Ubuntu 20.04 "Focal Fossa"
|Initial release||20 October 2004|
|Latest release||Ubuntu 20.04.1 / 6 August 2020|
|Latest preview||Ubuntu 20.10 (Groovy Gorilla) Daily Build|
|Marketing target||Cloud computing, personal computers, servers, IoT|
|Available in||More than 55 languages by LoCos|
|Update method||Software Updater|
|Package manager||GNOME Software, APT, dpkg, Snappy, flatpak|
|Kernel type||Linux kernel|
|Default user interface||GNOME|
|License||Free software + some proprietary device drivers|
Ubuntu (// (listen) uu-BUUN-too) is a Linux distribution based on Debian mostly composed of free and open-source software. Ubuntu is officially released in three editions: Desktop, Server, and Core for Internet of things devices and robots. All the editions can run on the computer alone, or in a virtual machine. Ubuntu is a popular operating system for cloud computing, with support for OpenStack. Ubuntu's default desktop, as of version 17.10, is GNOME.
Ubuntu is released every six months, with long-term support (LTS) releases every two years. As of 23 April 2020[update], the latest release and also the most recent long-term support release is 20.04 ("Focal Fossa"), which is supported until 2025 under public support and until 2030 as a paid option. The next release is due sometime in October 2020, and will most likely be titled 20.10.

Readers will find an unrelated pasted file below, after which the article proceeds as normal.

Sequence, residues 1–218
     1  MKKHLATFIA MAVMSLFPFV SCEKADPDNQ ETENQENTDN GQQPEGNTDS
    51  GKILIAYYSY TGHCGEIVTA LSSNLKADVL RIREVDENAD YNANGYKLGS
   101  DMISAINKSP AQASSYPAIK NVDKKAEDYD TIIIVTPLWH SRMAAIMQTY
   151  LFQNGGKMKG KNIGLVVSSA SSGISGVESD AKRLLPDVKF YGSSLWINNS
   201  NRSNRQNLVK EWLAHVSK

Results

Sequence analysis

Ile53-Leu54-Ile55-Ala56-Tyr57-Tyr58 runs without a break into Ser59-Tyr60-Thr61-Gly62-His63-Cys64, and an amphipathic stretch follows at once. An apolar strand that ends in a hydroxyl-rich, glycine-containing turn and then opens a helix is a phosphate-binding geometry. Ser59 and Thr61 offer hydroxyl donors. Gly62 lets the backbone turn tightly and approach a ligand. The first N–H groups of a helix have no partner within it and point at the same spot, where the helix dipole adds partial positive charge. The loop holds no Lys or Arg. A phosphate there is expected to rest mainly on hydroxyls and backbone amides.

Ubuntu is developed by Canonical, and a community of other developers, under a meritocratic governance model. Canonical provides security updates and support for each Ubuntu release, starting from the release date and until the release reaches its designated end-of-life (EOL) date. Canonical generates revenue through the sale of premium services related to Ubuntu.
Ubuntu is built on Debian's architecture and infrastructure, and comprises Linux server, desktop and discontinued phone and tablet operating system versions. Ubuntu releases updated versions predictably every six months, and each release receives free support for nine months (eighteen months prior to 13.04) with security fixes, high-impact bug fixes and conservative, substantially beneficial low-risk bug fixes. The first release was in October 2004.
Current long-term support (LTS) releases are supported for five years, and are released every two years. Since the release of Ubuntu 6.06, every fourth release receives long-term support (LTS). Long-term support includes updates for new hardware, security patches and updates to the 'Ubuntu stack' (cloud computing infrastructure). The first LTS releases were supported for three years on the desktop and five years on the server; since Ubuntu 12.04 LTS, desktop support for LTS releases was increased to five years as well. LTS releases get regular point releases with support for new hardware and integration of all the updates published in that series to date.